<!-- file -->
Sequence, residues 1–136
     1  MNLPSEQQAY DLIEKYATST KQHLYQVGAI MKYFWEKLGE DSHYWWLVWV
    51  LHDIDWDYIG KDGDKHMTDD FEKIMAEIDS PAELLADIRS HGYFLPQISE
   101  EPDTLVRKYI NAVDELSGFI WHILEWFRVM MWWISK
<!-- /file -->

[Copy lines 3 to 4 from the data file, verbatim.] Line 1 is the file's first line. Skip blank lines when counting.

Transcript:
    51  LHDIDWDYIG KDGDKHMTDD FEKIMAEIDS PAELLADIRS HGYFLPQISE
   101  EPDTLVRKYI NAVDELSGFI WHILEWFRVM MWWISK